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DESCRIPTIVE OF AMERICA,
RELATING TO THAT COUNTRY.
SUBSEQUENT TO THE REVOLUTION.
Remarks concerning the Savages of North-America*.
SAVAGES we call them, because their manners differ from ours, which we think the perfection of civility : they think the same of theirs.
Perhaps if we could examine the manners of different nations with impartiality, we should find no people so ryde, as to be without any rules of politeness; nor any so polite, as not to have some remains of rudeness,
The Indian men, when young, are hunters and warriors; when old, counsellors; for all their government is by the council or advice of the sages; there is no force, there are no prisons, no officers to coinpel obedience, or inflict punishment. Hence they generally study oratory, the best speaker having the most influence. The Indian women till the ground, dress the food, nurse and bring up the children, and preserve and hand down to posterity the memory of public transactions. These employments of men and women are accounted natural and honourable. Having few artificial wants, they have abundance of leisure for improvement by conversation. Our laborious manner of life, compared with theirs, they esteein slavish and base; and the learning on which we value ourselves, they regard as frivolous and useless. An instance of this occurred at the treaty of Lancaster, in Pensylvania, anno 1744, between the government of Virginia and the six nations. After the principal business was settled, the commissioners from Virginia acquainted the Indians by a speech, that there was at Williamsburg a college, with a fund, for educating Indian youth; and that if the chiefs of the Six Nations would send down half a dozen of their sons to that college, the government would take care that they should be well provided for, and instructed in all the learning of the white people. It is one of the Indian rules of politeness, not to answer a public proposition the same day that it is made; they think it would be treating it as a light matter, and that they show it respect by taking time to consider it, as of a matter important. They therefore deferred iheir answer till the day following; when their speaker began, by expressing tñeir deep sense of the kindness of the Virginia government, in making them that offer; “ for we know," says he," that you highly esteem the kind of learning taught in those colleges, and that the maintenance of our young men, while with you, would be very expensive to you. We are convinced therefore, that you mean to do us good by your proposal; and we thank you heartily. But you, who are wise, must
* This paper and the two next in order were published in separate pamphlets in this country, in the year 1784, and afterwards, in 1787, formed part of a small collection of our author's papers, printed for Dilly. It is from this collection we extract them. Editor.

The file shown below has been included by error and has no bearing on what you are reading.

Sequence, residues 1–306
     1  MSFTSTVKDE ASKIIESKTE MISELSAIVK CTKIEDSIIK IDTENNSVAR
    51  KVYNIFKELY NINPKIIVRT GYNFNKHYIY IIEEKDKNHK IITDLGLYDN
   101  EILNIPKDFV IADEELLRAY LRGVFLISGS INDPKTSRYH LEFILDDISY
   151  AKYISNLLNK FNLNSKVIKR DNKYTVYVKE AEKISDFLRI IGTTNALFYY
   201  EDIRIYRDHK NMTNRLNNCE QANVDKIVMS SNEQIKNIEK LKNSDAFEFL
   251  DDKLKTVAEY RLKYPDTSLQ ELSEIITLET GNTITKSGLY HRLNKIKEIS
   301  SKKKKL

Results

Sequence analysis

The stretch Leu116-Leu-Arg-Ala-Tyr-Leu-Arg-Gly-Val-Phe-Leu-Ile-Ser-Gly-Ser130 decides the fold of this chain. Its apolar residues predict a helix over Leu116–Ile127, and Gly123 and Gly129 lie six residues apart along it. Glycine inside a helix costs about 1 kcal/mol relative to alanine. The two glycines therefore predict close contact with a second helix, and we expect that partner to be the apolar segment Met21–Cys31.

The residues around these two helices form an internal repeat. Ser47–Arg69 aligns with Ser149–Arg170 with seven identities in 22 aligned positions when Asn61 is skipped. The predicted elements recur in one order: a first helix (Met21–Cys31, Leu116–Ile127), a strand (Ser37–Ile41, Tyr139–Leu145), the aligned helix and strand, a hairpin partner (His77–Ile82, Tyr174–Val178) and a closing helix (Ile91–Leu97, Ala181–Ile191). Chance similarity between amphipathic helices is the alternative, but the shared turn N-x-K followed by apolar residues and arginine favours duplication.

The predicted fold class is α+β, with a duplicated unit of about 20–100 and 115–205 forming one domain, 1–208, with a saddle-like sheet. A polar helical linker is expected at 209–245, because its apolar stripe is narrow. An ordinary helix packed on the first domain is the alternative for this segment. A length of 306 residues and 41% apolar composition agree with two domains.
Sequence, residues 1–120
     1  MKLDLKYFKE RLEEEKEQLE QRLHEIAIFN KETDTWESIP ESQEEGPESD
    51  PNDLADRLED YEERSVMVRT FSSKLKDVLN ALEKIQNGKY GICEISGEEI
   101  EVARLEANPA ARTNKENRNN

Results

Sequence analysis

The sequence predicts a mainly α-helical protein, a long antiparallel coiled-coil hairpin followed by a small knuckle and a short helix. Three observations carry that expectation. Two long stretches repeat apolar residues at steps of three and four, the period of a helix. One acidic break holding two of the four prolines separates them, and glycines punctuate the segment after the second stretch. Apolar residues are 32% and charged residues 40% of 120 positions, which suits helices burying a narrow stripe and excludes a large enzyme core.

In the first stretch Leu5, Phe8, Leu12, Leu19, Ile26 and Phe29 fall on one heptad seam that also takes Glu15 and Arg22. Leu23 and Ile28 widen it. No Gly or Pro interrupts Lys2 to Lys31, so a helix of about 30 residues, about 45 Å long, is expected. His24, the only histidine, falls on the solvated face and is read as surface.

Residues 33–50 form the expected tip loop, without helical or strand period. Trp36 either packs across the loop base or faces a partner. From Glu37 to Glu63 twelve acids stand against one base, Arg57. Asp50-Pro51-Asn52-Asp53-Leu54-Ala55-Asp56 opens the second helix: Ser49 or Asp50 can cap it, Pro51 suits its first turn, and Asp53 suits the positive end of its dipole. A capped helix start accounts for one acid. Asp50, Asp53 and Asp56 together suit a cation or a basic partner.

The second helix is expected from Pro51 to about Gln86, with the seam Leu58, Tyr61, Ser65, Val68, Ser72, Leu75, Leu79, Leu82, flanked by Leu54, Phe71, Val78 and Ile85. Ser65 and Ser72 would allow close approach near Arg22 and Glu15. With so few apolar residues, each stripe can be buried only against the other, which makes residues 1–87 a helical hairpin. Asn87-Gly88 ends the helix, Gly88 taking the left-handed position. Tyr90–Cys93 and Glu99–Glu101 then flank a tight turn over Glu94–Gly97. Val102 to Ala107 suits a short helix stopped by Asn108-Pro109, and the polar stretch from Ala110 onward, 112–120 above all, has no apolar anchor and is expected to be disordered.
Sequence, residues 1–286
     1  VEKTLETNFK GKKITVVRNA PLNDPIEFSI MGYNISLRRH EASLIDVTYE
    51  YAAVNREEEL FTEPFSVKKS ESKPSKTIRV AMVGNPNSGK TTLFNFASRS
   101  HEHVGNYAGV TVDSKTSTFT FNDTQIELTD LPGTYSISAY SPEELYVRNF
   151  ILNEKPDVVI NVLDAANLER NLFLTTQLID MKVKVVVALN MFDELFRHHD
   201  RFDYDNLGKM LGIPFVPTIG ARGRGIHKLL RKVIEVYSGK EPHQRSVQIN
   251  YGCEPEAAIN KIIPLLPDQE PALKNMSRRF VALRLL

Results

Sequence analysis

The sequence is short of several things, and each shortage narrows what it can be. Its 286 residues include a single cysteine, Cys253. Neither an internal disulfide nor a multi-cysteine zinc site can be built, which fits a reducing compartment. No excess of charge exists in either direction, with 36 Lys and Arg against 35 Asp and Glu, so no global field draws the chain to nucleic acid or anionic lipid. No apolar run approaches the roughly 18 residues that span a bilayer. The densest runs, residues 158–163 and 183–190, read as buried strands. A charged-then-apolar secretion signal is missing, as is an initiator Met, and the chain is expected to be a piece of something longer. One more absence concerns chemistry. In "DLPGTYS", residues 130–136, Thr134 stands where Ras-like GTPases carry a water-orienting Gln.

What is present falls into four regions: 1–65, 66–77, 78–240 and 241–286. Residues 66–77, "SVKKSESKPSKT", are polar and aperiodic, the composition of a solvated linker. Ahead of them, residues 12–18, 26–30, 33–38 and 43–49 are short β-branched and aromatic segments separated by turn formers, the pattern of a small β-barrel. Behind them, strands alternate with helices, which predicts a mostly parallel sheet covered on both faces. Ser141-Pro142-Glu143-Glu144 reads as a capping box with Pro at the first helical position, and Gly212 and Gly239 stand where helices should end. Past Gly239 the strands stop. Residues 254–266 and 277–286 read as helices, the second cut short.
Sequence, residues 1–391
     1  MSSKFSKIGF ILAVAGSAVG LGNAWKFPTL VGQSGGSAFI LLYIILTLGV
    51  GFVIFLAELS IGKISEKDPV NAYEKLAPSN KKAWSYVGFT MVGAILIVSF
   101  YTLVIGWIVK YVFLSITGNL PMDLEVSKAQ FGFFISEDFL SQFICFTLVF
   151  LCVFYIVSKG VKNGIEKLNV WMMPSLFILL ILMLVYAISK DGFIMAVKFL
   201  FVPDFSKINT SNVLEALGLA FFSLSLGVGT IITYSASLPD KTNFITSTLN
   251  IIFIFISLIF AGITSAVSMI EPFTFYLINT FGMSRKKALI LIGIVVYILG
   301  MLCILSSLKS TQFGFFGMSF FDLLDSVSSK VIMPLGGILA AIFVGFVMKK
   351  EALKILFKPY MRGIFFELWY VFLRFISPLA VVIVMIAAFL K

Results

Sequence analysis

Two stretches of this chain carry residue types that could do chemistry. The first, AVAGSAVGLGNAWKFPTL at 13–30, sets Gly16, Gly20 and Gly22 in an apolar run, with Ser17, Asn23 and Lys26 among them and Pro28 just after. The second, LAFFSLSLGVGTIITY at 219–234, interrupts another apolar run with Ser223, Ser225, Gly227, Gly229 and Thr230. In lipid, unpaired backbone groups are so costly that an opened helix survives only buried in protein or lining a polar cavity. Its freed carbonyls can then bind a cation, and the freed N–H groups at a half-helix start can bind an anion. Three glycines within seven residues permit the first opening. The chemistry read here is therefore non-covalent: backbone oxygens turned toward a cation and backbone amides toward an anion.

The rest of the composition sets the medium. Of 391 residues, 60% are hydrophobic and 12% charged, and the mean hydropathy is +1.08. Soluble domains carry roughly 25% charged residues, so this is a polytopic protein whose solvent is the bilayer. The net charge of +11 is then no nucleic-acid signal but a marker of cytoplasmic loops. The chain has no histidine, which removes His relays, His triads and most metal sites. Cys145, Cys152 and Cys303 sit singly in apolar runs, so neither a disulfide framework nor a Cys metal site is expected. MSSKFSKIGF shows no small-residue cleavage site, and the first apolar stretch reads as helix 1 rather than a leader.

know, know, that different nations have different conceptions of things; and you will therefore not take it amiss, if our ideas of this kind of education happen not to be the same with yours. We have had some experience of it: several of our young people were formerly brought up at the colleges of the northern provinces; they were instructed in all your sciences; but when they came back to us, they were bad runners, ignorant of every means of living in the woods, unable to bear either cold or hunger, knew neither how to build a cabin, take a deer, or kill an enemy, spoke our language imperfectly, were therefore neither fit for hunters, warriors, or counsellors; they were totally good for nothing. We are however not the less obliged by your kind offer, though we decline accepting it; and to show our grateful sense of it, if the gentlemen of Virginia will send us a dozen of their sons, we will take great care of their education, instruct them in all we know, and make men of them.”
Having frequent occasions to hold public councils, they have acquired great order and decency in conducting them. The old men sit in the foremost ranks, the warriors in the next, and the women and children in the hindmost. The business of the women is to take exacı notice of what passes, imprint it in their memories, for they have no writing, and communicate it to their children. They are the records of the council, and they preserve tradition of the stipulations in treaties a huo. dred years back; which, when we compare with our writings, we always find exact. He that would speak, rises. The rest observe a profound silence. When he has finished and sits down, they leave him five or six ininutes to recollect, that, if he has omitted any thing he intended to say, or bas any thing to add, he may VOL. 111.